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Curcumin eradicates brain protein fragments to fight Alzheimer's disease


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(NaturalNews) A debilitating disease that causes difficulty remembering recent conversations, names or events, Alzheimer's, is the sixth leading cause of death in the United States, affecting more than 5 million Americans.

Women are particularly at risk for the disease, making up two-thirds of Alzheimer's cases. Women in their 60s are about twice as likely to develop Alzheimer's disease during the rest of their lives as they are to develop breast cancer, according to data provided by the Alzheimer's Association.

Also at issue is the health of the primary caregivers of those with Alzheimer's and dementia. The emotional stress of caring for someone with the disease has been rated as "high" or "very high," with one-third of caregivers reporting symptoms of depression.

In just a decade, deaths related to Alzheimer's have increased by 68 percent! "Alzheimer's disease is the only cause of death among the top 10 in America that cannot be prevented, cured or even slowed," the Alzheimer's Association reported.

In the U.S., someone develops Alzheimer's disease every 67 seconds

However, recent scientific breakthroughs involving turmeric, a popular, ancient Indian spice, offers new hope for those affected by Alzheimer's disease. Curcumin, one of turmeric's most beneficial compounds, has been proven to fight pain and inflammation, as well as help stimulate stem cell growth, a remarkable breakthrough for Alzheimer's and dementia research.

Researchers now believe that turmeric could be key in helping repair brain damage in humans.

"Curcumin has demonstrated ability to enter the brain, bind and destroy the beta-amyloid plaques present in Alzheimer's with reduced toxicity," said Wellington Pham, Ph.D., assistant professor of Radiology and Radiological Sciences and Biomedical Engineering at Vanderbilt University and senior author of the study, published recently in the Journal of Alzheimer's Disease.

"Accumulation and aggregation of protein fragments, known as beta-amyloid, drives the irreversible loss of neurons in Alzheimer's disease," reports News.Vanderbilt.edu.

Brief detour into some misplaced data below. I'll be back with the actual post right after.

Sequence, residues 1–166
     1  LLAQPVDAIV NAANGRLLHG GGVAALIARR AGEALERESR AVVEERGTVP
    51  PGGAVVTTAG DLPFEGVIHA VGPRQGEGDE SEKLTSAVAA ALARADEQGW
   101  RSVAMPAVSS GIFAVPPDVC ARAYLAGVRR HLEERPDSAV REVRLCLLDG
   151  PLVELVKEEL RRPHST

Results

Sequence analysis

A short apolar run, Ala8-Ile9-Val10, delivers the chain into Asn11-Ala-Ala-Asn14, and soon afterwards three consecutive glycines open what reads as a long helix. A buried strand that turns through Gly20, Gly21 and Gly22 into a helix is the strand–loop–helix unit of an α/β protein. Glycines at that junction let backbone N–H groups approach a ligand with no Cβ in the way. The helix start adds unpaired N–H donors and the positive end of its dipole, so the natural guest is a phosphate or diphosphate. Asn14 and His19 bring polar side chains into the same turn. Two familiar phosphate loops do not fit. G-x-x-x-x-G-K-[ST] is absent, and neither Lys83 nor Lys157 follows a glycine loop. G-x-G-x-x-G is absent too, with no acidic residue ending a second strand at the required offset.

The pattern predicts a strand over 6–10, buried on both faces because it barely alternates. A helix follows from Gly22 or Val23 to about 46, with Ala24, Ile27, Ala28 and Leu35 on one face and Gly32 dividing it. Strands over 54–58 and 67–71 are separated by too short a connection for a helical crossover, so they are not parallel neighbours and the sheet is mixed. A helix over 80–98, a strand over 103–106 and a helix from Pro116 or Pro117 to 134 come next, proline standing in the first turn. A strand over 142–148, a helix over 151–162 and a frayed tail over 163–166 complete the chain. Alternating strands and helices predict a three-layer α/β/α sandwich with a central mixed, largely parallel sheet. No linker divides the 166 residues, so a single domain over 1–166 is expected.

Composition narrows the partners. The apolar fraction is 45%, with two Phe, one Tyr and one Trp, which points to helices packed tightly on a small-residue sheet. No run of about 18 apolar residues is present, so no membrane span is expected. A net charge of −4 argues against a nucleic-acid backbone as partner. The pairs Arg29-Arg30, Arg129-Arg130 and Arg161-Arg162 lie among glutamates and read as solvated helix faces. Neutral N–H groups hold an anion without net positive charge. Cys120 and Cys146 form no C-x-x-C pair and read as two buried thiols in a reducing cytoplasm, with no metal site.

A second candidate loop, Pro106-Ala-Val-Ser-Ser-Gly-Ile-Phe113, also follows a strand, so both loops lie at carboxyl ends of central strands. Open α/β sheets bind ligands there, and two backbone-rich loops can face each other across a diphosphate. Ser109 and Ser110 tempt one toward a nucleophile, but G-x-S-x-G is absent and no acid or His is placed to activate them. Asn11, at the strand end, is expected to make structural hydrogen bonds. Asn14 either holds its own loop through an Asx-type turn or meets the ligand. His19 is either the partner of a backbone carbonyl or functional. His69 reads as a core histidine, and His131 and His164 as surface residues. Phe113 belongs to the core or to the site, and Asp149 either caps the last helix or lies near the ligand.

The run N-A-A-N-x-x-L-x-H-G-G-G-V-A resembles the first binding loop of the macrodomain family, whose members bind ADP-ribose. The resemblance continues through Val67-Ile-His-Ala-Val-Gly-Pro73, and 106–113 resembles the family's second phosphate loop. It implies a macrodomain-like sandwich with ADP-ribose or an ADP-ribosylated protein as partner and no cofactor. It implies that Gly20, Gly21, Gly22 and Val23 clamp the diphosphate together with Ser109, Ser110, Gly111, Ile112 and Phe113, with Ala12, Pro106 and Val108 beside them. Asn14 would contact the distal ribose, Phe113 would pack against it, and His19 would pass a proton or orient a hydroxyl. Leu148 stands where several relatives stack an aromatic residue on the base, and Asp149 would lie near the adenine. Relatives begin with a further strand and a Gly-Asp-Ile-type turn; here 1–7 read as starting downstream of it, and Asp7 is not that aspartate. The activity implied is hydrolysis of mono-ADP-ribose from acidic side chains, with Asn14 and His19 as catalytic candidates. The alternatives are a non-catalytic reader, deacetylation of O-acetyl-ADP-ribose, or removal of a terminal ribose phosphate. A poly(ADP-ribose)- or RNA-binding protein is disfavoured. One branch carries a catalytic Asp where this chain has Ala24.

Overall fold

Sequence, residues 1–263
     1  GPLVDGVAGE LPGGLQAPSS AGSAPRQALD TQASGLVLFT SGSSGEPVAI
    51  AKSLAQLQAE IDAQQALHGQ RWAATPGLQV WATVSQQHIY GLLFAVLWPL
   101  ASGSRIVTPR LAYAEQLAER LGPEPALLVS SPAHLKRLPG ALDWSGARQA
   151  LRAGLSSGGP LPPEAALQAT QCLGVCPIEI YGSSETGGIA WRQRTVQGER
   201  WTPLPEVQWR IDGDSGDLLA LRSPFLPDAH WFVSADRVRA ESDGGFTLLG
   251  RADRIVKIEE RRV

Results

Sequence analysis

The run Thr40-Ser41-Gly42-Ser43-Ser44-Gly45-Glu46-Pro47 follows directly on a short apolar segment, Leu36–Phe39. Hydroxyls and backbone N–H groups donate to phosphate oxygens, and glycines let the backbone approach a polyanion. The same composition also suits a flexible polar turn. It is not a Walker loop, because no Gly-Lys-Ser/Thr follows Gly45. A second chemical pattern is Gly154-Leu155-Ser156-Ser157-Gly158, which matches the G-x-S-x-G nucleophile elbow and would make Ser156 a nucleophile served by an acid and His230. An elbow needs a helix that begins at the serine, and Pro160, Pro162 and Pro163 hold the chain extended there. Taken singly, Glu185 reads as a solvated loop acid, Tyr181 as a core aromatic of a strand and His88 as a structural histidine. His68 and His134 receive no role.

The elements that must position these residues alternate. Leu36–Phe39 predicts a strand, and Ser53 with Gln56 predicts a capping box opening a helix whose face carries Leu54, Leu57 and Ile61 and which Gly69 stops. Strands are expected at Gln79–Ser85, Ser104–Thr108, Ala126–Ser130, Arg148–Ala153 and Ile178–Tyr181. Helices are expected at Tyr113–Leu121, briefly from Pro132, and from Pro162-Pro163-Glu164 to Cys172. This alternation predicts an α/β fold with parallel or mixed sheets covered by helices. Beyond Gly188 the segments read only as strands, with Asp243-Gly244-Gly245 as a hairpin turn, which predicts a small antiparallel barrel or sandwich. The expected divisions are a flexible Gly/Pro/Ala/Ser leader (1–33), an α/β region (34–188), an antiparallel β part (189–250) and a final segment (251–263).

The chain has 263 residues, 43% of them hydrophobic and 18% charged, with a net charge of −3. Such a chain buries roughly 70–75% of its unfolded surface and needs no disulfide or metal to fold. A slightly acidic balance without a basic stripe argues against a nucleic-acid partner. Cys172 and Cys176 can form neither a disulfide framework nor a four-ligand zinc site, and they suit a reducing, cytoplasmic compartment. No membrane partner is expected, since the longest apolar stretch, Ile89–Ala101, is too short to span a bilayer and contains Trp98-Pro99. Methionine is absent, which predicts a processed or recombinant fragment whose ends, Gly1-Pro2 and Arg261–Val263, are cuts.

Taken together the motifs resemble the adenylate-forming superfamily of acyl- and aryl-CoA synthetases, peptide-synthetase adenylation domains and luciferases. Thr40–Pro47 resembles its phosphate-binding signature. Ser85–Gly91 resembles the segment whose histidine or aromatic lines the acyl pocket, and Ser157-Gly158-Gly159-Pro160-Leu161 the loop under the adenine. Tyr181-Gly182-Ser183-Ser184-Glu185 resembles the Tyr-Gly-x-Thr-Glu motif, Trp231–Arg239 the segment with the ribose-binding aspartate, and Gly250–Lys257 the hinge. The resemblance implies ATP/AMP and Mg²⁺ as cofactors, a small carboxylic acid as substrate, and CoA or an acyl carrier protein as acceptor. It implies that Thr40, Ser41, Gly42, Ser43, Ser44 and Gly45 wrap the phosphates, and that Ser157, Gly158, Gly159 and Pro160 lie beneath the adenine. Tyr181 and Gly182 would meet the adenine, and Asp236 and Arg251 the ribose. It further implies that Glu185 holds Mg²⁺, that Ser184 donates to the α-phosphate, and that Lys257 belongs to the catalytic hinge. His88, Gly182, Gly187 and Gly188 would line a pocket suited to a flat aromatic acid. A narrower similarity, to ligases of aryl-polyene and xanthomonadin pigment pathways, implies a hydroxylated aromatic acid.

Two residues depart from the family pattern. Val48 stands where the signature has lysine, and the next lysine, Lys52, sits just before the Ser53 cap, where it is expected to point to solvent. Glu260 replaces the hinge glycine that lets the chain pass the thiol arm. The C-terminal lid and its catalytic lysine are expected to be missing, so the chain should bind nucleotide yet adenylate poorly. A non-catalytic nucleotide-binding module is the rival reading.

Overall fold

"Developing small molecules to reduce this accumulation or promote its demolition is crucial, but the ability of these small molecules to cross the blood-brain barrier has been a restricting factor for drug delivery into the brain."

Scientists develop new way to deliver turmeric compounds across blood brain barrier

In order to overcome this obstacle, Pham and his colleagues at Shiga University of Medical Science in Otsu, Japan, came up with a new way to deliver curcumin-like molecules to the brain more effectively.

"One of the difficulties in the treatment of Alzheimer's disease is how to deliver drugs across the blood brain barrier," Pham explained.

"Our body has designed this barrier to protect the brain from any toxic molecules that can cross into the brain and harm neurons," he said. "But it is also a natural barrier for molecules designed for disease-modifying therapy."

Delivering drugs to the cortex and hippocampus is much more efficient using a curcumin aerosol compared to injecting it intravenously, scientists say

To circumvent the problems with giving the drug intravenously, Japanese scientists created an atomizer to generate a curcumin aerosol, using a molecule similar to curcumin called FMeC1.

"The advantage of the FMeC1 is that it is a perfluoro compound, which can be tracked by the biodistribution in the brain noninvasively using magnetic resonance imaging," Pham said.
"Curcumin is a very simple chemical structure, so it is not expensive to generate the analog.

"In this way the drug can be breathed in and delivered to the brain," said Pham, adding that nebulizers are already available on the market and are relatively inexpensive.

"In this paper we also showed that delivery to the cortex and hippocampal areas is more efficient using aerosolized curcumin than intravenous injection in a transgenic mouse model of Alzheimer's disease," concluded Pham and his team.








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